At Conference on Nazi Legacy, U.s., Israeli Policies Are Issues
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At Conference on Nazi Legacy, U.s., Israeli Policies Are Issues

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Questions about the U.S. refusal to endorse an International Criminal Court, Israeli settlement policies and the treatment of prisoners in Guantanamo Bay, Cuba, were all raised at a recent conference on the legacy of Nazi abuse of the law.

The Berlin conference’s main agenda items were issues such as the legal ramifications of the Nuremberg Trials and how Jewish claims for postwar restitution have been used by other groups seeking compensation for historical wrongs.

The international legal scholars attending the conference also shone a spotlight on recent U.S. and Israeli legal tactics.

Canadian Supreme Court Justice Louise Arbour took issue with the U.S. rejection of the International Court.

“I think the position of the United States is very difficult to comprehend in legal terms,” said Arbour, who participated on a panel discussing “The Nuremberg Transition: Crime, Punishment and the International Protection of Basic Human Rights.”

Because the International Court could address the issue of Israeli settlements in the West Bank and Gaza Strip, Israel has refused to sign on to the court.

Israeli Supreme Court Justice Gabriel Bach said he was concerned about “the possibility of political abuse of the international court,” particularly regarding such controversial matters as the settlements.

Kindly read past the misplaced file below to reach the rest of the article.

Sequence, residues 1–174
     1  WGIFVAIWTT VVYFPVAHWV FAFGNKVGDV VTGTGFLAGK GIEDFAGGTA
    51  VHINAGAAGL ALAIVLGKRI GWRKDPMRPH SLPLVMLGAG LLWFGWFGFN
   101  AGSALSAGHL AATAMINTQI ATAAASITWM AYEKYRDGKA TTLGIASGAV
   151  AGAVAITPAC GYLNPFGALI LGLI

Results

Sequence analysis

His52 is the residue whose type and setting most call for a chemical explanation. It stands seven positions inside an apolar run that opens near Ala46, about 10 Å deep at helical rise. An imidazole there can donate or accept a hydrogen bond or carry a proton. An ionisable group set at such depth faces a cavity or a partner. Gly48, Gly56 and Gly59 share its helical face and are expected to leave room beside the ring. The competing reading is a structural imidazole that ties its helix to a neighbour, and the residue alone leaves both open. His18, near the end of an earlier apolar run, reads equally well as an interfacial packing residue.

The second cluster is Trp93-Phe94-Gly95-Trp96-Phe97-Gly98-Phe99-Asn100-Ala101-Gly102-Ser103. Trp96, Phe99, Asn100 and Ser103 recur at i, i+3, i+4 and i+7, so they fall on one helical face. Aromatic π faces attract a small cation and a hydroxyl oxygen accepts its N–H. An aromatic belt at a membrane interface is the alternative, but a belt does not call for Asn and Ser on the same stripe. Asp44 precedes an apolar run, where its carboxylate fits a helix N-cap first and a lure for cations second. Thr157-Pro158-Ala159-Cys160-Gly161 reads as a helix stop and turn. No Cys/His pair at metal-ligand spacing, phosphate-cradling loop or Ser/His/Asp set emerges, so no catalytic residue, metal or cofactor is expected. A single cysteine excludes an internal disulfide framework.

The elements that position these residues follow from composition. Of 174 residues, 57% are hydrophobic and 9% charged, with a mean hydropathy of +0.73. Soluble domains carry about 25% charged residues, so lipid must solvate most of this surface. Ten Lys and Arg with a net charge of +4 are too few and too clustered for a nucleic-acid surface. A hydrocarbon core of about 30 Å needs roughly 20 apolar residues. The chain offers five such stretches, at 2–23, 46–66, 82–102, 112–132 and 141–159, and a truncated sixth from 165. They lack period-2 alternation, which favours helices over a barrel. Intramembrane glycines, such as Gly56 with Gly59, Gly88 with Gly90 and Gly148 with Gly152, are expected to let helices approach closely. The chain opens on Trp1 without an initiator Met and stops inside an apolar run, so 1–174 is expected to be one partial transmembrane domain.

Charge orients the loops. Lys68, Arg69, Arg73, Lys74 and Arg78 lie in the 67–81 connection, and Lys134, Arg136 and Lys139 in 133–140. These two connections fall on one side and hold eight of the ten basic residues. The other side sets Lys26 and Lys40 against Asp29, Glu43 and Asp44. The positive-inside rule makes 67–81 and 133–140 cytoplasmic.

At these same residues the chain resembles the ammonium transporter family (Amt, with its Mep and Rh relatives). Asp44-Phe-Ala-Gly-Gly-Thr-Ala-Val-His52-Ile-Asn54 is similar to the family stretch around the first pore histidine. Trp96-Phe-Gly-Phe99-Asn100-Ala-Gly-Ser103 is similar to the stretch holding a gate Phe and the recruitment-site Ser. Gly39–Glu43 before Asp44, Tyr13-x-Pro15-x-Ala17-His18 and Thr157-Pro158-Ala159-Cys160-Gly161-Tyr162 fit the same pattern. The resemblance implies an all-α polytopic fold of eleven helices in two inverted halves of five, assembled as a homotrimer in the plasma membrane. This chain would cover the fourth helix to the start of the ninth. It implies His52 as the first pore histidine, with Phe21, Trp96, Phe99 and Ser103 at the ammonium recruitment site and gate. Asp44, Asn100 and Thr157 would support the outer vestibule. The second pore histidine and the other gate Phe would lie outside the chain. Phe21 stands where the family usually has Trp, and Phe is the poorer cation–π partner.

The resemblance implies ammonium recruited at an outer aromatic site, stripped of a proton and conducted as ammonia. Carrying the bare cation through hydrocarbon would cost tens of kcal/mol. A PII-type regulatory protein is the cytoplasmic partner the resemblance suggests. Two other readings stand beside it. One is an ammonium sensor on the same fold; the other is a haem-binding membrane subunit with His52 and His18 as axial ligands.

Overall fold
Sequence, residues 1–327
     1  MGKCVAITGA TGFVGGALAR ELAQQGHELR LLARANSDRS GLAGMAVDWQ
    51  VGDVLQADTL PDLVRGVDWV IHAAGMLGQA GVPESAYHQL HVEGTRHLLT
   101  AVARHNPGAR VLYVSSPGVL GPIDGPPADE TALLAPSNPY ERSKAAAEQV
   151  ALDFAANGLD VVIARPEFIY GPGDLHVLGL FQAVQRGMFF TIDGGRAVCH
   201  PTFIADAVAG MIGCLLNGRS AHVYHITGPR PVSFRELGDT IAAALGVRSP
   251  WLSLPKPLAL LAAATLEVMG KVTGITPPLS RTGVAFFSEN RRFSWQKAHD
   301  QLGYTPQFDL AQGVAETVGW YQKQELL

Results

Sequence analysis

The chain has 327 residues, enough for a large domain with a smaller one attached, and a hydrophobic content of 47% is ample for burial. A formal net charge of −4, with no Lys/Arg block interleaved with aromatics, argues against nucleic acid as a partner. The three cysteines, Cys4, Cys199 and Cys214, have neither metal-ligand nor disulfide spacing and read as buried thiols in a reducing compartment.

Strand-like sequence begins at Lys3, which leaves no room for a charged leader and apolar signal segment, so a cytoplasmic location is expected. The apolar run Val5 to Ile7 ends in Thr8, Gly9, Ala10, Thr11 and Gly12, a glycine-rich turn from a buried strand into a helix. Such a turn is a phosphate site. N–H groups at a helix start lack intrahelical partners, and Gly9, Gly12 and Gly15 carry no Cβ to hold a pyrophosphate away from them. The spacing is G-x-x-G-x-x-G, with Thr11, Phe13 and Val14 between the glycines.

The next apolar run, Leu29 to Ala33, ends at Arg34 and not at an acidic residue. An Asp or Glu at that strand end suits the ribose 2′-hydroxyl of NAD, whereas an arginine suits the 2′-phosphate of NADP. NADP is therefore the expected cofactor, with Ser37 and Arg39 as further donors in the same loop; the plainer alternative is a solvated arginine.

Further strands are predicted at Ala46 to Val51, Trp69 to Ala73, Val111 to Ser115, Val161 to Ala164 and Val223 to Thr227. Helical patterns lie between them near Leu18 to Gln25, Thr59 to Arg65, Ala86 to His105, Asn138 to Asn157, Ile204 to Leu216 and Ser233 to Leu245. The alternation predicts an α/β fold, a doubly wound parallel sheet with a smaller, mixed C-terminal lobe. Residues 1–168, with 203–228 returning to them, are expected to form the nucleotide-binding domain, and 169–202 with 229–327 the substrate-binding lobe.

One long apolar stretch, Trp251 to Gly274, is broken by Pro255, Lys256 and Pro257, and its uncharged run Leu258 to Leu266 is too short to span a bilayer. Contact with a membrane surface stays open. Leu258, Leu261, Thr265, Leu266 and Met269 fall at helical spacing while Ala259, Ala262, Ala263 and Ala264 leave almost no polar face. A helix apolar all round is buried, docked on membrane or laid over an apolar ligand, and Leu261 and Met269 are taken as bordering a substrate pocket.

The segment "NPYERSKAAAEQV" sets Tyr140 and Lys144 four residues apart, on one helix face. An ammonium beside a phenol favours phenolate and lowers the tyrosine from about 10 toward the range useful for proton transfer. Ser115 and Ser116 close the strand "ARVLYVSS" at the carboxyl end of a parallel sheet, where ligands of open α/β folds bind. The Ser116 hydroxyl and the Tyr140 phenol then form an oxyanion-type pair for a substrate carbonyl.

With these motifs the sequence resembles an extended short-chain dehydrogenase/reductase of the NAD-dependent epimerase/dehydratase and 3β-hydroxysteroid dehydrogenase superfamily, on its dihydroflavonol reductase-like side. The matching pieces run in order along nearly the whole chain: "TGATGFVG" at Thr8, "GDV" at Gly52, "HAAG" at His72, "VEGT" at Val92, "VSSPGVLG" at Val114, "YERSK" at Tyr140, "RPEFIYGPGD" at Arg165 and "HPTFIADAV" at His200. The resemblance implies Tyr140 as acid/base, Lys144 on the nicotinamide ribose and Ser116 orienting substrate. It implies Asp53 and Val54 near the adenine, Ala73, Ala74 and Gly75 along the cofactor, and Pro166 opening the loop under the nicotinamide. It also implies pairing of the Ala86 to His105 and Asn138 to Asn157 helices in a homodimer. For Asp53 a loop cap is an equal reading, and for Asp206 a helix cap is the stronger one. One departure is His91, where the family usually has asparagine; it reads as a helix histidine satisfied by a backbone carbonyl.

“There are political arguments against the Israeli settlement policy,” said Bach, “but this has never been recognized as a criminal offense. The forcible transfer and deportation of people is an offense, I understand. But if people buy land, like they did in Sinai, then if there is a peace settlement, the people can be withdrawn.

“There is a serious danger this court would be used by certain of Israel’s enemies in order to harm the state and the government,” he said.

But attorney Richard Tarasofsky said that was unlikely to happen.

“Only in very rare instances,” if the court found that a national “investigation was not done in good faith or was inadequate, would the International Court take over,” Tarasofsky said.

Hubert Rottleuthner said he knew some questions raised at the conference would not be “politically correct.” Rottleuthner, who recently stepped down as dean of the law school at Berlin’s Free University, believes the internment of Al-Qaida prisoners in Guantanamo Bay is analogous to imprisonment in early Nazi concentration camps.

“Injustice does not come overnight. It is a step-by-step process,” said Rottleuthner, who teaches the sociology of law and spoke about Nazi Germany and the rule of law at the seminar.

The idea for the program came from former New York State Chief Justice Sol Wachtler, a professor at the Touro Law Center in New York.

Wachtler — who lectured on the U.S. Constitution to lawyers in postwar Germany — pushed for the conference in Berlin as a way to mark the 60th anniversary of the Wannsee Conference, where Nazi leaders laid out their plan to exterminate European Jewry.

The conference was jointly sponsored by the Touro Law Center in New York, the Free University of Berlin and Touro’s Institute on the Holocaust and the Law.

Among the other speakers at the seminar were Israel Singer, president of the World Jewish Congress, and Abraham Foxman, executive director of the New York-based Anti-Defamation League.

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